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Once in a Lifetime by Gavin Newsham

Release date: 06th September, 2006
Publisher: Atlantic Books

List Price: £8.99
Our Price: £5.39
You Save: £3.6 (40%)
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Back in the late Seventies, I was fortunate enough to spend two long summers working in upstate New York. Days off were spent either hitching with friends to Saratoga Springs for the races, visiting Montreal for the beer or travelling to New York City for the sport.

It was here that I first encountered live baseball, ice hockey in Canada, dirt track racing at Saratoga, top flight tennis at Flushing Meadow and the self-styled 'most famous soccer team in the world', the New York Cosmos.

A few years earlier, no-one had heard of the Cosmos, which had been acquired by Warner Brothers in 1971. Within four years, however, the club had signed a three-year deal with Pele, the greatest player the game had ever known. More big name signings followed: German superstar Franz Beckenbauer, Italian striker Giorgio Chinaglia and Brazil's World Cup winning captain, Carlos Alberto. Overnight, the Cosmos became New York's hottest ticket.

Celebrities such as Robert Redford, Mick Jagger, Barbara Streisand and Steven Spielberg became fans, while Cosmos players were regularly spotted at Studio 54, then the world's most infamous nightclub.

Newsham has created more than just a football tale from his cast of A-list celebrities and sports stars by cleverly setting them against an unprecedented period of social , political and economic change in New York. By the late Seventies, the city was effectively bust, yet its unparalleled magnetism ensured a steady flow of high-profile hedonists, from pop stars to gangsters, groupies to once-magnificent footballers.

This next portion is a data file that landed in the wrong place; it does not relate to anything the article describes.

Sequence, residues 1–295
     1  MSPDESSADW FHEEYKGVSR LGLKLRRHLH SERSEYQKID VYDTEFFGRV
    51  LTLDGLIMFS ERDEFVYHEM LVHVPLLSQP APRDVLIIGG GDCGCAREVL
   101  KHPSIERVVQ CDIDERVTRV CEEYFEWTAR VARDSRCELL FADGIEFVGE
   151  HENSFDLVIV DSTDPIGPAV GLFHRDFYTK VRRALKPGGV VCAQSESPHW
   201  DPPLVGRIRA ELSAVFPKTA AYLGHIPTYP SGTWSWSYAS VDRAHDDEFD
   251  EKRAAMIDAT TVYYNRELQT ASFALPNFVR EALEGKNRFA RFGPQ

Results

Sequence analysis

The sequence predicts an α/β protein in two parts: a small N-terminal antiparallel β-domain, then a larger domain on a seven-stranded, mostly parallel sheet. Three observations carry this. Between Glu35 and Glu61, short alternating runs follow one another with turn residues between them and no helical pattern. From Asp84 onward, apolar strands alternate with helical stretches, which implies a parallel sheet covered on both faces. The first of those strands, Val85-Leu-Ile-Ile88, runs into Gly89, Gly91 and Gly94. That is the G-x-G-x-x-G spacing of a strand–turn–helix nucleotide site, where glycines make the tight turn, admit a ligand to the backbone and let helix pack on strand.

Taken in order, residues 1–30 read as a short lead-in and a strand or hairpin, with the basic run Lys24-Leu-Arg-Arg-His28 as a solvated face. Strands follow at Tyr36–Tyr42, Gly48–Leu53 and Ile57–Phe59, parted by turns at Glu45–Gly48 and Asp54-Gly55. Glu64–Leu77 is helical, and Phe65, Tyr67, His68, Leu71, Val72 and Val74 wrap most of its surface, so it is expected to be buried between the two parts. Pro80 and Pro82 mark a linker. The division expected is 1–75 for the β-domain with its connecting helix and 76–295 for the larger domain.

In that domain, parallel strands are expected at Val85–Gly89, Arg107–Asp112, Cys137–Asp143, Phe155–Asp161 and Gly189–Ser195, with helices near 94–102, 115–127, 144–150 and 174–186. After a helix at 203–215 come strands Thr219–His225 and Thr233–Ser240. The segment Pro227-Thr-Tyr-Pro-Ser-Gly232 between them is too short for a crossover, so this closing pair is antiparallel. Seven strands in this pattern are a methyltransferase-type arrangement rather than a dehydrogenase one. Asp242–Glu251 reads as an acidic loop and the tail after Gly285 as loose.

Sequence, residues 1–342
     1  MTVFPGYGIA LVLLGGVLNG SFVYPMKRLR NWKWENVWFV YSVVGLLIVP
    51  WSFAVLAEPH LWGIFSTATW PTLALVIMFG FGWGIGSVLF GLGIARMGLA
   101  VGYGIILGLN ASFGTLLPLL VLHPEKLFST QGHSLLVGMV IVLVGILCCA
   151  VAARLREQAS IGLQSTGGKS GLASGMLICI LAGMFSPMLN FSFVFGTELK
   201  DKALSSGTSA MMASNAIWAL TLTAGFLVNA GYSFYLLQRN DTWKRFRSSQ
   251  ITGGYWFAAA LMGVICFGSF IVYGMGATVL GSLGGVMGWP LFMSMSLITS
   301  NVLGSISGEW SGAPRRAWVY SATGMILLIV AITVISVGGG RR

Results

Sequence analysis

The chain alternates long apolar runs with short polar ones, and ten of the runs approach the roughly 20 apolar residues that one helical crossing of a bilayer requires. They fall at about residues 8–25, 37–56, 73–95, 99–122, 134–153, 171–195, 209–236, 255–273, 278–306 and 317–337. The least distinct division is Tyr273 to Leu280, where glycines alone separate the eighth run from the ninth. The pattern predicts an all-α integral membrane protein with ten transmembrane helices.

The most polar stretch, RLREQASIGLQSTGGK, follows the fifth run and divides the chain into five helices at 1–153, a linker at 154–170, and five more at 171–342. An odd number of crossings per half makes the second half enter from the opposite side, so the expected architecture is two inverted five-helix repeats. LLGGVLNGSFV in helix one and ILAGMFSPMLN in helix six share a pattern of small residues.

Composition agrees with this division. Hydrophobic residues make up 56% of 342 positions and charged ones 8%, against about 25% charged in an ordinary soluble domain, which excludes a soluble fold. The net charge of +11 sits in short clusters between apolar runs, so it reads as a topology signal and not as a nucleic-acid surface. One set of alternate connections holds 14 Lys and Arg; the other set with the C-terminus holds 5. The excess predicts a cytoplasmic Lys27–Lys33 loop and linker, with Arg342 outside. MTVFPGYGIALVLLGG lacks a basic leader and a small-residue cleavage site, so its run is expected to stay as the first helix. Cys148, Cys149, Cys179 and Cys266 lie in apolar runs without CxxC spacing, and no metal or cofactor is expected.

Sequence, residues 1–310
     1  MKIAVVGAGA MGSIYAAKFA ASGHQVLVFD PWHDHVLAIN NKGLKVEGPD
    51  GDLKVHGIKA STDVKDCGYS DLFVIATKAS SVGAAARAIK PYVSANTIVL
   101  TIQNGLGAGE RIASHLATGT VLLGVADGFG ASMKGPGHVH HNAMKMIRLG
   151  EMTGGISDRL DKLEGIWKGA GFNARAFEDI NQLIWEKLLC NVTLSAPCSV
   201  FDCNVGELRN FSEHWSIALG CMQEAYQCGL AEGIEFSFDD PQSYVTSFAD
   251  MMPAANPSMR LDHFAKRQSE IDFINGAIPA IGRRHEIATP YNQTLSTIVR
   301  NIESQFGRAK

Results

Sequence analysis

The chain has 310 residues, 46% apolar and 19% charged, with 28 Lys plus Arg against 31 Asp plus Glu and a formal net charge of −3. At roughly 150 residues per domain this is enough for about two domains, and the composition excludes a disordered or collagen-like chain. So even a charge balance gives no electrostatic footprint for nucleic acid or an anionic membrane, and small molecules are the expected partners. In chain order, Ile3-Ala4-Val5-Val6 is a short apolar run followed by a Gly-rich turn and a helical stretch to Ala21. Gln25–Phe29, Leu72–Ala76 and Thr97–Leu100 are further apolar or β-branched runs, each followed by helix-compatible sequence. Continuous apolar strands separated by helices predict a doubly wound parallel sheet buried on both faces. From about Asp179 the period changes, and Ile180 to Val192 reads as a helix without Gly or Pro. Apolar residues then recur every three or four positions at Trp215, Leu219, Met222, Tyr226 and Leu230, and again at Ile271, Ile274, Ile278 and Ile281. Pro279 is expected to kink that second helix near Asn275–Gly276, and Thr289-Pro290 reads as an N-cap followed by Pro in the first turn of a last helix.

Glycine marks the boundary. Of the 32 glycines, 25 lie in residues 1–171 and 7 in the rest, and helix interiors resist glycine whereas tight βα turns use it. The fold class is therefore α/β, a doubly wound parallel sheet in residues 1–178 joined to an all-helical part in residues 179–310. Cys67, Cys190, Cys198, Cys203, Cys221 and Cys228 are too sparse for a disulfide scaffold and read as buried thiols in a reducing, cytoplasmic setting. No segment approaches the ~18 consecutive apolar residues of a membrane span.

Armed with such rich material, laced as it is with alcoholic excess, drugs and political intrigue, the author evokes a period when it looked as though the Cosmos might challenge football's established European order, a development which could have led to a more rapid development of 'soccer' across the pond. Heady days. You can almost hear the familiar disco beat and Donna Summer's seductive I feel Love in the background.

For a while, soccer was the biggest thing in New York (if not the USA), ably supported by the city's massive-selling Daily News, a newspaper that made the Sun's content look positively Shakespearean. I recall going to one Cosmos match at the Giants Stadium which more than 50,000 others attended; the atmosphere was truly electric - akin to a European night at Anfield.

As the side's popularity grew, assisted by experienced and highly-paid players who were simply too good for the North American Soccer League, so too did attendances, at one point exceeding 77,000. At the time, this alarmed owners of American Football and baseball franchises who suspected soccer would usurp their sporting hegemony.

Money helped the Cosmos' cause of course. Bankrolled by Warner Brothers, everything was going swimmingly until they sold Global Soccer Inc, the company that owned the Cosmos franchise, to a consortium led by Chinaglia. It was downhill after that and by 1985, the club was defunct. It was the end of an exciting time for football in the States and New York in particular. At one point, more than 16 different nationalities were represented in the Cosmos squad, but when the cash dried up, so players departed.

Newsham's story is a fascinating one, a marvellously rich tale which highlights sport's impact upon what is an intriguing mini social history. Indeed, you probably don't even have to like football to enjoy this book, but with that accompanying heady mix of glamour, sport and money appeal, this is a great read.

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